In the last five years there have been twelve books on Vermeer. My first thought on seeing Laura J. Snyder’s new book was, how many more pearl earrings do we really need? But Eye Of The Beholder isn’t all it seems. It opens with a set of shutters that allow sunlight to pour through a window in seventeenth-century Delft. Such a precise description of light entering a room can only be of a Vermeer painting, can it not? And yet it isn’t so. What is being described here is a room belonging to Antoni Leeuwenhoek, cloth merchant and self-taught lens maker, as he looks through an early microscope. At its centre is a transparent glass bead, created by Leeuwenhoek himself, and through it he observes a small pool of water containing a secret universe. Snyder has begun tracing a journey of light and shadows and the mysterious visual experience that seventeenth century Delft was only just waking up to.
The era in which Vermeer lived was saturated by light and magnified by glass. His was an age of intense discovery. Never before had instruments so extended the reach of the human senses. Telescopes and microscopes, says Snyder ‘allowed their users to see parts of the world that were previously unseen.’ And it is the little known Leeuwenhoek, with his passion for lenses, who plays such an important part in this unusual book. Life for him had begun in the cloth trade, where a magnifying glass was a crucial instrument in distinguishing the thread count. Soon he was selling ‘veils’ for artists, pieces of sheer fabric with threads running through them in a grid pattern. But his real passion was for those magnifying, or ‘flea glasses’ as they were called.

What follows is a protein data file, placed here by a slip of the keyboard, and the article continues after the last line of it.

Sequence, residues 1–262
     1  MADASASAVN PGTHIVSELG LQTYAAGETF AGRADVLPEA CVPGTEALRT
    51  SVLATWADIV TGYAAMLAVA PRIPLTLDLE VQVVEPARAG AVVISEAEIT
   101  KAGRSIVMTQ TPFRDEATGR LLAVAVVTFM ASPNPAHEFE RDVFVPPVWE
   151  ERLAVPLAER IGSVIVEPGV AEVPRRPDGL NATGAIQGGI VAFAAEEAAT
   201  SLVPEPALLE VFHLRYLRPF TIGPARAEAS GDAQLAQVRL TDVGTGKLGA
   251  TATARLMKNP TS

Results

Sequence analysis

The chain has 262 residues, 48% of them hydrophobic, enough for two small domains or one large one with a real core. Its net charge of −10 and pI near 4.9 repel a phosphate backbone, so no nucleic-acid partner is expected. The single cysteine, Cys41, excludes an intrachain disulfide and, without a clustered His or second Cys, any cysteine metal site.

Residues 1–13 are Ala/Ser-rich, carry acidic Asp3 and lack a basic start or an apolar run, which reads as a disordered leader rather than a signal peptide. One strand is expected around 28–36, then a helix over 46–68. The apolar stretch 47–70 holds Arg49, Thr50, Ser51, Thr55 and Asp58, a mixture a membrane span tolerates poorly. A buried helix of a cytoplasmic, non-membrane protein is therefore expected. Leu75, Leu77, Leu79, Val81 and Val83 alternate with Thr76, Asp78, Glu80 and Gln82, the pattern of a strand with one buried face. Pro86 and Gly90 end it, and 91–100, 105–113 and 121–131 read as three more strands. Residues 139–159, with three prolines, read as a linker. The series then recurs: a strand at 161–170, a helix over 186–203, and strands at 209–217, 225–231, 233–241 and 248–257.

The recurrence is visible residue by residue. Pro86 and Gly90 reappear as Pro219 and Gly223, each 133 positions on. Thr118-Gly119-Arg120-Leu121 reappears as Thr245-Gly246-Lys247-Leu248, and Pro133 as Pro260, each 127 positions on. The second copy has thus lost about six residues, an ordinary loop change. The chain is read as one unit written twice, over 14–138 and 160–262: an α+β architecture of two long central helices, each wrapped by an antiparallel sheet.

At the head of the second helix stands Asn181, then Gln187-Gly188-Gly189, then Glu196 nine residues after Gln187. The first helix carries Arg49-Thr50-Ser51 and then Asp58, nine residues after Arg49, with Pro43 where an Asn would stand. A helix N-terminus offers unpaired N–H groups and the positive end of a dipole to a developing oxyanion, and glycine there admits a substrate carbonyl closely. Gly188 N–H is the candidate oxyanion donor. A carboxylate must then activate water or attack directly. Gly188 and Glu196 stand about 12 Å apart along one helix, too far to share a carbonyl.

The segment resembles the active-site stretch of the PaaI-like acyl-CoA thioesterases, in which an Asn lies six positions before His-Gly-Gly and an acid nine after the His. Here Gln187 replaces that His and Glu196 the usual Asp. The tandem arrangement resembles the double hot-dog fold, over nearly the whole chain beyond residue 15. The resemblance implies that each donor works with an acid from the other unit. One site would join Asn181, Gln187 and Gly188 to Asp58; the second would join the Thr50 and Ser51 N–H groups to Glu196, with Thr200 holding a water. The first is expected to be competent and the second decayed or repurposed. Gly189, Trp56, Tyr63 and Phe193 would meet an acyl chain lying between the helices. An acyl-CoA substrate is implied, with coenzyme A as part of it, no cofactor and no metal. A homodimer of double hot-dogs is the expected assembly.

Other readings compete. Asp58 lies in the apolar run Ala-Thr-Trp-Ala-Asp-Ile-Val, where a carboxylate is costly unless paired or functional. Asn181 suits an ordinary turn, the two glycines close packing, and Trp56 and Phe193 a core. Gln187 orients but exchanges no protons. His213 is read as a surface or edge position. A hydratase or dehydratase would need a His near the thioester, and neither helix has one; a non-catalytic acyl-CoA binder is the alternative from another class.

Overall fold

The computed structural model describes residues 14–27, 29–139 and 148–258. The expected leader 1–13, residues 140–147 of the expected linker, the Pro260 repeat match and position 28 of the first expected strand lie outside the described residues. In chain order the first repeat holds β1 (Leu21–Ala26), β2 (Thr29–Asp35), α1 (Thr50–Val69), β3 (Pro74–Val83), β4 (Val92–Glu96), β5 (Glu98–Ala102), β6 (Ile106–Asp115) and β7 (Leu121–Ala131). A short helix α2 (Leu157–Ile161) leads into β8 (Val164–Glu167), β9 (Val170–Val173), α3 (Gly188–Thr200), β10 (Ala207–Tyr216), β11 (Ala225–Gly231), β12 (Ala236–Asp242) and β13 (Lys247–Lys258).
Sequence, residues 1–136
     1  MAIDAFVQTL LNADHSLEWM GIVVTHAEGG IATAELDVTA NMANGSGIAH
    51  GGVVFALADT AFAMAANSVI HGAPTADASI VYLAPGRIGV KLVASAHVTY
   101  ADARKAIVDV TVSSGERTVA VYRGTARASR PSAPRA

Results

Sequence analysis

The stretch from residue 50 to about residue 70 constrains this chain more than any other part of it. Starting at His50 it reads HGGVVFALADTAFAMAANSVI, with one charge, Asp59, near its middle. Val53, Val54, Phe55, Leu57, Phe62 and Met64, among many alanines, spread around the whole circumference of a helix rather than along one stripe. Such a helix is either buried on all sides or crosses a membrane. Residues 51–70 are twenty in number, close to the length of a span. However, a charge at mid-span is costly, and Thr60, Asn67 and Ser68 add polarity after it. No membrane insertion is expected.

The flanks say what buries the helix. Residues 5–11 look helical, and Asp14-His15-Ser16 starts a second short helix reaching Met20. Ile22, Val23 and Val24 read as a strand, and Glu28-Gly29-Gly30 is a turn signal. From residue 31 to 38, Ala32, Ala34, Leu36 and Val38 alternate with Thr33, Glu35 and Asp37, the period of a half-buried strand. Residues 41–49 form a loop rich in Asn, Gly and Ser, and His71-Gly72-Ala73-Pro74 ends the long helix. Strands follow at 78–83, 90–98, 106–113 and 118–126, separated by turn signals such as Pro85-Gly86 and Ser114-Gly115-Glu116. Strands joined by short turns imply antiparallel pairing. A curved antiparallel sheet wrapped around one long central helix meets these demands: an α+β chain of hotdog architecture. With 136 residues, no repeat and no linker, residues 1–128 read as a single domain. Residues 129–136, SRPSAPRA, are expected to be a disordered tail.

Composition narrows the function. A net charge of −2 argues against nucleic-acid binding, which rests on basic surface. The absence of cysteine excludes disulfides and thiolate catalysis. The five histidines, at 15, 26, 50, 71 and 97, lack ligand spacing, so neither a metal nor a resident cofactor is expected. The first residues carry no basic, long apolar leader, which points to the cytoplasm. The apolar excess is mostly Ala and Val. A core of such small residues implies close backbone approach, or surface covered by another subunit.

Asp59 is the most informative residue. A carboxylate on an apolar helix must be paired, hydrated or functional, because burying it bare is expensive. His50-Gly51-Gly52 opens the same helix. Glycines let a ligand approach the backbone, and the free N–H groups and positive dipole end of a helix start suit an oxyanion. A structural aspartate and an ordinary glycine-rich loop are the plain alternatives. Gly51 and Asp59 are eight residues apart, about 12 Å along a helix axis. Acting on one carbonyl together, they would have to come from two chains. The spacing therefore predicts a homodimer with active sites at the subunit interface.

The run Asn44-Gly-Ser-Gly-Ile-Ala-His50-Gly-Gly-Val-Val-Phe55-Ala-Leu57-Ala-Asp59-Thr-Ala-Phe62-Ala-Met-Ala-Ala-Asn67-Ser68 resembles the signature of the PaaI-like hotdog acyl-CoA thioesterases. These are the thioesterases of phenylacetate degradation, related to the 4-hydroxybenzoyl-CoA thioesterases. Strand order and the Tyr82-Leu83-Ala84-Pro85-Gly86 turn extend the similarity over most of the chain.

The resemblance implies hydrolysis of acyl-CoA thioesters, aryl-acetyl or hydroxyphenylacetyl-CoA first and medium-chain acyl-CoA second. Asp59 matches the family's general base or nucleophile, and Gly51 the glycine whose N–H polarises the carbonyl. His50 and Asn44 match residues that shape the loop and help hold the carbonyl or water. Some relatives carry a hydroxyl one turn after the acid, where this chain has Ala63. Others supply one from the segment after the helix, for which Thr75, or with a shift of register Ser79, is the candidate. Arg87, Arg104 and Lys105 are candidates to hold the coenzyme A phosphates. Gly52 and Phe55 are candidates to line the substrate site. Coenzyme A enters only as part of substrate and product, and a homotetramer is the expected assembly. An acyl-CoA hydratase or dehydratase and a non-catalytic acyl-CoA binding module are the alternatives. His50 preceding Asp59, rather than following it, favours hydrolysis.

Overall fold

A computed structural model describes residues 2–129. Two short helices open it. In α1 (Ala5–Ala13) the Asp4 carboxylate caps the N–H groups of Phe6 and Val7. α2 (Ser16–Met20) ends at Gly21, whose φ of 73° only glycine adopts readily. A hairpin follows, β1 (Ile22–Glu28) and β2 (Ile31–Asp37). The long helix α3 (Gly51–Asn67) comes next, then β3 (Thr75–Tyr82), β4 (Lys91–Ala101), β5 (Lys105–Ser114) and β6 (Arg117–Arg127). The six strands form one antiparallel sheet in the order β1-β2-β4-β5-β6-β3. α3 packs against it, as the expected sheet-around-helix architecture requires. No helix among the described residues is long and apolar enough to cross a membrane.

Early hand-made glass, delicately polished and tinted had a magical quality. And by the seventeenth century science was rushing full tilt towards a greater understanding of optics. With the invention of the telescope the shadows on the moon could be accounted for while microscopes revealed a ‘colour-charged, glittering world … in which new textures, hues, forms and light effects’ were seen for the first time. Surely, suggests Synder, Leeuwenhoek, ‘would have marvelled at the fact that a piece of glass could allow him to see what could not be seen with the naked eye.’
It is into this atmosphere of scientific and mathematical exploration, this ‘experimental milieu’, that Vermeer appears to begin his own exploration ‘of painting, optical instruments’ mirrors and then lenses. The camera obscura, in the early days of optical science, had illustrated only a basic principle of optics but in order for it to be useful to artists the light, instead of entering through a small aperture, needed to pass through a lens. The lens made the image infinitely clearer and while scientists were interested in what lay beyond the limits of the naked eye, artists were becoming aware of what lenses might do for the perceived world. Coincidently by concentrating the image into a narrowly restricted area, objects seemed more intensely pigmented and Vermeer’s canvases could not but become more jewel-like in tone and colour as a result.
By the 1650s Leeuwenhoek’s research became more sophisticated, revealing microscopic structures like those in the eye of a bee. In a sense he was ‘learning to see.’ Artists, too, were ‘learning to see’ and the reciprocal relationship between science and art in the seventeenth century might well be called ‘the reinvention of seeing’. It is in this absorbing way that Snyder takes us back through time, beyond the reflections and shadows, to the very heart of Vermeer’s art.
Roma Tearne’s sixth novel The Last Pier is published by Hesperus Press.Reuse content